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Theodicy from Lisbon to Haiti: Sympathy for the Devil?

The earth trembled and quaked; the very foundations also of the hills shook, and were removed, because he was wroth (Ps. 18:7.)

Robert Nozick, who was a secular Jew, felt the implications of the Holocaust were devastating for Christian theology:

There remain the ethical teachings and example of the life of Jesus before his end, but there no longer operates the saving message of Christ. In this sense, the Christian era has closed.

Whether he was correct or not, what’s indisputable is that disasters, whether man-made or natural, leave the conscientious among us little choice but to grapple with the nature of the world. Much in the same way war is “God’s way of teaching American’s geography,” cataclysms display history’s awesome ability to force philosophy to, as Nozick put it, change its axiomatic beliefs.

Recently, Pat Robertson made statements attributing Haiti’s historic difficulties, including the latest earthquake, to a pact that Jean-Jacques Dessalines, its first ruler, made with the Devil in order to secure Haiti’s freedom from France. According to the apocryphal tale, a slave Dutty Boukman led the leaders of the Revolution in sacrificing a pig and drinking its blood, not very kosher, at Bois Caman in 1791 in order to secure Satan’s aid in expelling the French occupation. The priests supposedly promised Haiti to Satan for the next 200 years in return, a period which should have ended in 2004.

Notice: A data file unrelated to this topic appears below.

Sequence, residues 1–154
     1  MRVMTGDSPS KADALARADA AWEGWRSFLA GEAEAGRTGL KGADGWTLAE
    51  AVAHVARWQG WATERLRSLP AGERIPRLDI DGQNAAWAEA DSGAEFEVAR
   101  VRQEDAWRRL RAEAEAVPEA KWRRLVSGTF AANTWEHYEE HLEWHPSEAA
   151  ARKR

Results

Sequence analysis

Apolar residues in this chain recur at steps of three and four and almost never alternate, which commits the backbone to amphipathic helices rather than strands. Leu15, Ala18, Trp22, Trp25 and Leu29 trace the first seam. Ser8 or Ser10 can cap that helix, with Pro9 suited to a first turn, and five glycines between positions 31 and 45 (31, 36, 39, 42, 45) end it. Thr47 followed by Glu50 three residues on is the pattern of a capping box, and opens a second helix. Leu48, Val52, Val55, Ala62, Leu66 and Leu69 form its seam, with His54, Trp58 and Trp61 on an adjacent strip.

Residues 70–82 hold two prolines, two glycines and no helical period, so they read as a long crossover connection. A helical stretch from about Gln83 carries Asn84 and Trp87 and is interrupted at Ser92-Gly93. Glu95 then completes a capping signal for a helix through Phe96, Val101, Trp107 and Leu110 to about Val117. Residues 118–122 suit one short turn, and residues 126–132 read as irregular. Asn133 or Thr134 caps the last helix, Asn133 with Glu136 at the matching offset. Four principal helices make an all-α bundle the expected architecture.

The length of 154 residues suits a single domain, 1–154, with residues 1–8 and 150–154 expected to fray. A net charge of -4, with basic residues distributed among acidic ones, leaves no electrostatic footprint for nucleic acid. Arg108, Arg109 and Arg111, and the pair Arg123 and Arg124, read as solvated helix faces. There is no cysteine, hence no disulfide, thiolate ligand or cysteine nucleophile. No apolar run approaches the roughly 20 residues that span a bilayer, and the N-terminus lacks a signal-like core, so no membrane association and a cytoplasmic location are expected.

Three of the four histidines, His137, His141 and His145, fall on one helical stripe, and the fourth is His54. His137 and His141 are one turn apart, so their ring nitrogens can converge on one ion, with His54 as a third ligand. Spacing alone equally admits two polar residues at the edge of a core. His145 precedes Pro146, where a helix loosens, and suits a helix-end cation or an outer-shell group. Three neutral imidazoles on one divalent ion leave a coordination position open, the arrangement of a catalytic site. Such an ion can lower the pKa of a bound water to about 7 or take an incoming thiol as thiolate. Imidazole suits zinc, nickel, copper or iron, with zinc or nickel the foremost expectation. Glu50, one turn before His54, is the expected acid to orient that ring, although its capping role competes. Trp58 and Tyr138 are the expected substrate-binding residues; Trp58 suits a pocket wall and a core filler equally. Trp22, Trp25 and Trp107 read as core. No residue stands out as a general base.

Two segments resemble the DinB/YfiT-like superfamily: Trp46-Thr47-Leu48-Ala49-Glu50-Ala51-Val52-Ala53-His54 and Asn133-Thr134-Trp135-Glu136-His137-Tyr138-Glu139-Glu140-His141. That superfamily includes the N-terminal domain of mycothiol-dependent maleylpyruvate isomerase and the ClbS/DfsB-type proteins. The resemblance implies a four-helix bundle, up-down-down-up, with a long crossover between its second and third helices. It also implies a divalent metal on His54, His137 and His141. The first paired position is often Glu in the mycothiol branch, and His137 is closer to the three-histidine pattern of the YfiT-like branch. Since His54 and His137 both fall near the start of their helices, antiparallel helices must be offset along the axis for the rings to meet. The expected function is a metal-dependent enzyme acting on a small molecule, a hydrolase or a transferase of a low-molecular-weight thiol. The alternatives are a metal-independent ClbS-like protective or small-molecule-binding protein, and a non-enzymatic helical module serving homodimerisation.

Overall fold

A glimpse at the historical record could lead one to conclude Robertson was equating the overthrow of slavery with acquiescence to the rule of darkness, which it was in a sense, though it probably didn’t rise to the level of a Faustian bargain in the classic sense. Nevertheless, this view precludes the notion that a group of slaves could defeat the armies of one of the greatest military minds in history. Robertson’s thoughts aren’t that much different from James Carlyle Froude who in The English in the West Indies; Or, the Bow of Ulysses wrote: “There has been no saint in the West Indies since Las Casas, no hero unless philonegro enthusiasm can make one out of Toussaint.”